Connecticut Mut. Life Ins. Co. v. Luchs
Annotate this Case
108 U.S. 498 (1883)
U.S. Supreme Court
Connecticut Mut. Life Ins. Co. v. Luchs, 108 U.S. 498 (1883)
Connecticut Mutual Life Insurance Company v. Luchs
Decided May 7, 1883
108 U.S. 498
A and B formed a partnership with a capital of $10,000, in which each was to contribute one-half the capital. A furnished B's moiety temporarily, and when after some time B failed to comply with his agreement, A, in May, 1869, applied for a policy on B's life for $5,000. One of the brothers of B had committed suicide. One of the questions asked A by the company was as to the number of brothers of B deceased, and causes of death; to this A made no answer. B, in the previous February, had applied to the same company for a policy, and in answer to the same question had replied: "Brothers dead, one; cause of death, accident." A policy was issued on A's application, by which the company agreed to insure the life of B for $5,000, and to pay the money "to the assured" within ninety days after notice of the death of B. B died in an insane asylum.
1. That although by the terms of the policy the life of B was insured, the person in whose favor it was assured was A, and that the action on the policy was rightfully brought in his name.
2. That A had an insurable interest in B's life to the extent of the moiety of the capital which B should have contributed to the firm, without respect to the condition of the partnership accounts, unless his estimate of the interest at the time of the application was made in bad faith.
3. That the failure of A to answer the question as to the suicide of B's brother could not necessarily be imputed as a fraud, and that the concealment of the cause of the brother's death in B's application could not be imported into this suit and applied to defeat A's application.
Suit to recover the sum of $5,000 alleged to be assured to the plaintiff below, and defendant in error, Luchs, on the life of one Dillenberg. Pleas: 1st., non debet; 2d., that the plaintiff had no insurable interest in Dillenberg's life; 3d., that the
policy was procured through fraudulent concealment of material facts, and by means of false representation. Luchs and Dillenberg entered into a co-partnership in which the capital was to be $10,000, of this, each to contribute one-half. Luchs actually contributed all, and when Dillenberg failed to contribute his half, he applied to the defendant's agent in Washington for a policy of $5,000 on Dillenberg's life. Dillenberg had three months previously applied to the same agent for a policy on his own life, and in reply to a question propounded respecting his family had made the following answer:
"Brothers living, one; ages, Brothers dead, one; ages, 48; health, good. 23; cause of death, accident."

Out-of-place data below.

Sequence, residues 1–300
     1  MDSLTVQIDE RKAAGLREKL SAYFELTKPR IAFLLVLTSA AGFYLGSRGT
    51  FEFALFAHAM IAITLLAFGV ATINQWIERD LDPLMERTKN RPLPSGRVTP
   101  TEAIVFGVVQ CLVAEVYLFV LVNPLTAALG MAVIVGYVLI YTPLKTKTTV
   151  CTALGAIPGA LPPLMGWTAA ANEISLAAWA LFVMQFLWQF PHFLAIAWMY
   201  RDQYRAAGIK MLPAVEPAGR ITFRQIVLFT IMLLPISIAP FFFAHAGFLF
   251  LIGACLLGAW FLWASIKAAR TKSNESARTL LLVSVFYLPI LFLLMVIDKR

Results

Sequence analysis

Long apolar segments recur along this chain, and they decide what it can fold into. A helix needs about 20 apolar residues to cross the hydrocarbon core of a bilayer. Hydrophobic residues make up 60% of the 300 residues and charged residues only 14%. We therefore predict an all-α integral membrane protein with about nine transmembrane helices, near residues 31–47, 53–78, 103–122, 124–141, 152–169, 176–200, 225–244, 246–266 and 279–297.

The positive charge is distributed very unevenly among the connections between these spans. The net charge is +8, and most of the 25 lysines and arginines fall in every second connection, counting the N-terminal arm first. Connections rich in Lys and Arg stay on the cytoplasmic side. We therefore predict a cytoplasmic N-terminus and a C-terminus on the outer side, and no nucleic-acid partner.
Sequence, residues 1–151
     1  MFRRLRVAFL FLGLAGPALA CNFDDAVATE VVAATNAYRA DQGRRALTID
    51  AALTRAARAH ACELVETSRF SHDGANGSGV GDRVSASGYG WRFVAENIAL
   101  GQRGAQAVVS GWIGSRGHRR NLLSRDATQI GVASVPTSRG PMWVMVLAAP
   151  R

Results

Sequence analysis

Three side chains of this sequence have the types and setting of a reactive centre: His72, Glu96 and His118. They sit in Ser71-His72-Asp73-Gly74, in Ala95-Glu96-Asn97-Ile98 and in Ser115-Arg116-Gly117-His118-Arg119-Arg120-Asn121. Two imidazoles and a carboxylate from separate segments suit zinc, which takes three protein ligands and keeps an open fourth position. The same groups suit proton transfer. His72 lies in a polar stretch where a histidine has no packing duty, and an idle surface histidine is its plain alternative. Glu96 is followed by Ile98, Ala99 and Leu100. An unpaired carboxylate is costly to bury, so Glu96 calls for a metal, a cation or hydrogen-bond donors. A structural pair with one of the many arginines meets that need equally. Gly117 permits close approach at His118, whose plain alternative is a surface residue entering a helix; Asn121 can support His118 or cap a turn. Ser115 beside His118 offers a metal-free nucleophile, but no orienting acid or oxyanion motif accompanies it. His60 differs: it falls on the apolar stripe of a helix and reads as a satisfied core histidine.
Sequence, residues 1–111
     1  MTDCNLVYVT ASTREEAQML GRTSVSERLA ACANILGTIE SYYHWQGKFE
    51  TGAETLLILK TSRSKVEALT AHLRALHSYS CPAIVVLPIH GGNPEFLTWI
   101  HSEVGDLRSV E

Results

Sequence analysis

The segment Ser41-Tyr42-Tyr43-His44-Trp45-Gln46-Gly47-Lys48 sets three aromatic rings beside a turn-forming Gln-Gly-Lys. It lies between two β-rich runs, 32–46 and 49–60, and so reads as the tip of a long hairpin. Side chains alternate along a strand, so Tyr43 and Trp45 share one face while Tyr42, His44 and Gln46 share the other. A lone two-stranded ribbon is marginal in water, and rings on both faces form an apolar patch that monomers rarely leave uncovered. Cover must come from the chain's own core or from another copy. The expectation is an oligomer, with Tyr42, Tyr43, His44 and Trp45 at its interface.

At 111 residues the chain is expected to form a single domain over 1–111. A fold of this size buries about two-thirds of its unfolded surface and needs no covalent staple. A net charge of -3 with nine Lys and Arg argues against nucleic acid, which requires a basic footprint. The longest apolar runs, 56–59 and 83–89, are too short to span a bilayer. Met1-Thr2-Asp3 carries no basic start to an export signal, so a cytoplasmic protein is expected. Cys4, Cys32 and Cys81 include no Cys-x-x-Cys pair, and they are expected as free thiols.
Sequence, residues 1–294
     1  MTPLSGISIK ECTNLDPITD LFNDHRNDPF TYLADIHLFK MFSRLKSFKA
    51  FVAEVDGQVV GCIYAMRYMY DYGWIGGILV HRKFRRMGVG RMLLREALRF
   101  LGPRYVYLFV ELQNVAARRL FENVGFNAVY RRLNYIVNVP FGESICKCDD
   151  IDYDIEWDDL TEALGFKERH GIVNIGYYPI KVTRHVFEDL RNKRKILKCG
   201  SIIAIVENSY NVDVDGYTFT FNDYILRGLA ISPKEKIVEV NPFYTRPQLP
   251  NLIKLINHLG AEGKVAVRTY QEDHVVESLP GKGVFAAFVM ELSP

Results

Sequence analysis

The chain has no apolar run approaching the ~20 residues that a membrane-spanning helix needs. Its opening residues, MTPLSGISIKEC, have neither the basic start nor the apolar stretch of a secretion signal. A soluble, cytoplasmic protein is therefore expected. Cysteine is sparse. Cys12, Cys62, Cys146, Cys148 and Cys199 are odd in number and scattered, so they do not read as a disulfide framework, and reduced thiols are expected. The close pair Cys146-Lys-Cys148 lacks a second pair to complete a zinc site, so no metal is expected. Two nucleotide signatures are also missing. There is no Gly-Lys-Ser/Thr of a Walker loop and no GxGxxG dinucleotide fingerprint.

Luchs to the same question replied
"Brothers living, one; ages, Brothers dead; age, 48; health, good. ; cause of death, ."
On this application a policy was issued of which the following is the material part:
"This policy of insurance witnesseth that the Connecticut Mutual Life Insurance Company, in consideration of the declarations and representations made to them in the application for this insurance and the sum of one hundred and twenty-five dollars and ___ cents, to them in hand paid by Leopold Luchs, of Washington, D.C., and of the annual premium of one hundred and twenty-five dollars and cents, to be paid on or before the second day of June in every year during the continuance of this policy, to assure the life of Levi Dillenberg, of Washington, in the County of Washington, District of Columbia, in the amount of five thousand dollars, for the term of the whole continuance of his life."
"And the said company do hereby promise and agree to and with the said assured, his executors, administrators, and assigns well and truly to pay or cause to be paid in the City of Hartford the said sum insured to the said assured, his executors, administrators, or assigns within ninety days after due notice and proof of the death of the said Levi Dillenberg, deducting therefrom all indebtedness of the party for loans made by the company on this policy. "
At the trial, the court instructed the jury as follows:
"1. If the jury find from the evidence that in May, 1869, the plaintiff and Levi Dillenberg were in partnership, and that to that partnership the plaintiff contributed all the capital and both contributed their services, and that they shared the profits equally, and that the policy in suit was applied for by the plaintiff under an agreement between him and Levi Dillenberg whereby the latter undertook to pay the premiums on the same, and that this agreement was made by said Dillenberg because of an obligation which he agreed he was under to the plaintiff growing out of the receipt, past or prospective, by Dillenberg of one-half of the partnership profits, and that said policy was taken out by the plaintiff in good faith and not for the purpose of speculating on said Dillenberg's life, then they will render a verdict for the plaintiff on defendant's second plea."
"4. Since [in] the application upon which the policy in suit was issued, there is no answer to the questions 'brothers dead; age; cause of death,' it follows that there is no warranty in respect of the information called for by said questions."
The defendants excepted. The jury rendered a verdict for the plaintiff for the full amount. The defendants brought the case here on error.
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